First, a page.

When Joe Lieberman first started stumping on behalf of John McCain, he said it was driven primarily by a shared vision for the Iraq war and a personal affinity towards the candidate. As such, it was somewhat unexpected that the Connecticut independent and 2000 Democratic vice presidential nominee would extend his advocacy to McCain's running mate, especially considering the serious policy gaps that separate the two.
But such an assumption has proved to be wrong. Lieberman defended Palin during his speech before the Republican National Convention in Minneapolis. And on Monday afternoon, he did it again, this time touting the Republican vice presidential candidate as a refreshing reformist with a fighting spirit who is "smart and tough" and "what we need."
"My own observation is that the Palin selection by John was so surprising that the Obama campaign was off-balance for a couple of days about how to respond to it," Lieberman told Lars Larson, a conservative radio host. "With the media, a lot of it has been unfair but it is just part of what happens. In the end, you have to hope the public sees through it. Going across the country people identify with Sarah Palin, and nothing is sticking to her. She may have some of that Reagan Teflon [in her]."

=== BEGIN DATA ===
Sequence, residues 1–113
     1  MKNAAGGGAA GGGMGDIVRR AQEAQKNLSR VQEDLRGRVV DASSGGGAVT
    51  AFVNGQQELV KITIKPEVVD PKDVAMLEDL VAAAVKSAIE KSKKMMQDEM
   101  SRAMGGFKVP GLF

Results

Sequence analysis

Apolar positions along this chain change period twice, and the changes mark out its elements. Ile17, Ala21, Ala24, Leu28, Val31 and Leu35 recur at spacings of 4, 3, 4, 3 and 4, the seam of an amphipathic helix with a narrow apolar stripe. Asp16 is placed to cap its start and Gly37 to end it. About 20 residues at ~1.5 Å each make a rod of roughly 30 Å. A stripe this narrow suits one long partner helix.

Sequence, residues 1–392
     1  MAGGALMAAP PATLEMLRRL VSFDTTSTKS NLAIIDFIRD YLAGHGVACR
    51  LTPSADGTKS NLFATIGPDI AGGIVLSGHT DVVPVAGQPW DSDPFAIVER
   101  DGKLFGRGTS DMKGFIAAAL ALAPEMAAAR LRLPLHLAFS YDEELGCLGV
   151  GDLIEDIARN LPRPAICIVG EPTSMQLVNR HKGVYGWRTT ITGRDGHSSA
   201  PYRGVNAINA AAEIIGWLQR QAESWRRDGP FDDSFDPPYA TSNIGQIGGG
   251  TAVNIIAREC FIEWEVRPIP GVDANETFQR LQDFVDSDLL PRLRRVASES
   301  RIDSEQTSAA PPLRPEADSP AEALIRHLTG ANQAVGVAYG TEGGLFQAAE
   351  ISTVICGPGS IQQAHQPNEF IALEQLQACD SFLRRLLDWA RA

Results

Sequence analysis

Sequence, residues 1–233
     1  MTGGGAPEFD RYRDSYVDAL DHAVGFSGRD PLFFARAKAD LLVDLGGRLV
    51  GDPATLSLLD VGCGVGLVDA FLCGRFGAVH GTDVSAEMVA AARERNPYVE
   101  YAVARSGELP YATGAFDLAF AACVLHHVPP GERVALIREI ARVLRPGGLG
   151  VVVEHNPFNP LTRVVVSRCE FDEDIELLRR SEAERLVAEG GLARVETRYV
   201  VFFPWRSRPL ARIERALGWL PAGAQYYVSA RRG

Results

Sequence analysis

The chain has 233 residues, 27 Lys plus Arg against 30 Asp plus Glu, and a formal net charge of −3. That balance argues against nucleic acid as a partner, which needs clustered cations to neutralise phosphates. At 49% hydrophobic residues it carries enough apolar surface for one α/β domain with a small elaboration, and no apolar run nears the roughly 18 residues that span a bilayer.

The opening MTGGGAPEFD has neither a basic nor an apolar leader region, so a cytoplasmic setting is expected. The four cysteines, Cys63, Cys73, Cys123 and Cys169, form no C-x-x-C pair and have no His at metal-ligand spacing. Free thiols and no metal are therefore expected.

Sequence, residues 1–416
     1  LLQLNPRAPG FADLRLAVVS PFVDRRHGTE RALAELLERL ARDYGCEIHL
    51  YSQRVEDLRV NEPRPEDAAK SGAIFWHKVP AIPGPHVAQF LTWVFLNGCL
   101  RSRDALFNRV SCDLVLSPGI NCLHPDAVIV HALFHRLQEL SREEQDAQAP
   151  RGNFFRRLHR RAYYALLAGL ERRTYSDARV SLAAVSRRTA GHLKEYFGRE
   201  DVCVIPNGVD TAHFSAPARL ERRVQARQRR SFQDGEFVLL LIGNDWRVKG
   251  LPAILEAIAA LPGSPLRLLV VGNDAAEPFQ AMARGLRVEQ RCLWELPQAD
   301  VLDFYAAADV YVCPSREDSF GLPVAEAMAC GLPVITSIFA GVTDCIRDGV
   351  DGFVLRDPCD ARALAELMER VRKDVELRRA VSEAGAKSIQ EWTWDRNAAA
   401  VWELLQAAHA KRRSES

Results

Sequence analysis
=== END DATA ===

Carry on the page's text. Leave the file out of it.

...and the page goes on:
Lieberman addressed the reports that he, at one time, had been considered for the spot that Palin now holds, saying his immediate reaction was, "Are you kidding?" He also hit Barack Obama for proclaiming he had helped achieve bipartisan legislation by arguing that those signature bills -- ethics reform and nuclear non-proliferation -- were non-controversial. But the majority of the brief appearance was spent (like much of the attention of the campaign) on Palin, whose rise Lieberman portrayed as a quintessentially American tale.
"Succeeding generations of immigrants have brought into the American ethic, the American ideal, the American community, and she is part of that," Lieberman explained. "Part of it is the extra dimension of the frontier, which for so long was the defining American characteristic but is still alive and well in places of the country, particularly out west, and obviously in Alaska. There is something very refreshing about her and I think John sensed that or saw that. And look, Washington needs fresh air, and he went about as far as you could go from Washington while still being in America and found a fighting governor to be his running mate. I think it is a good team."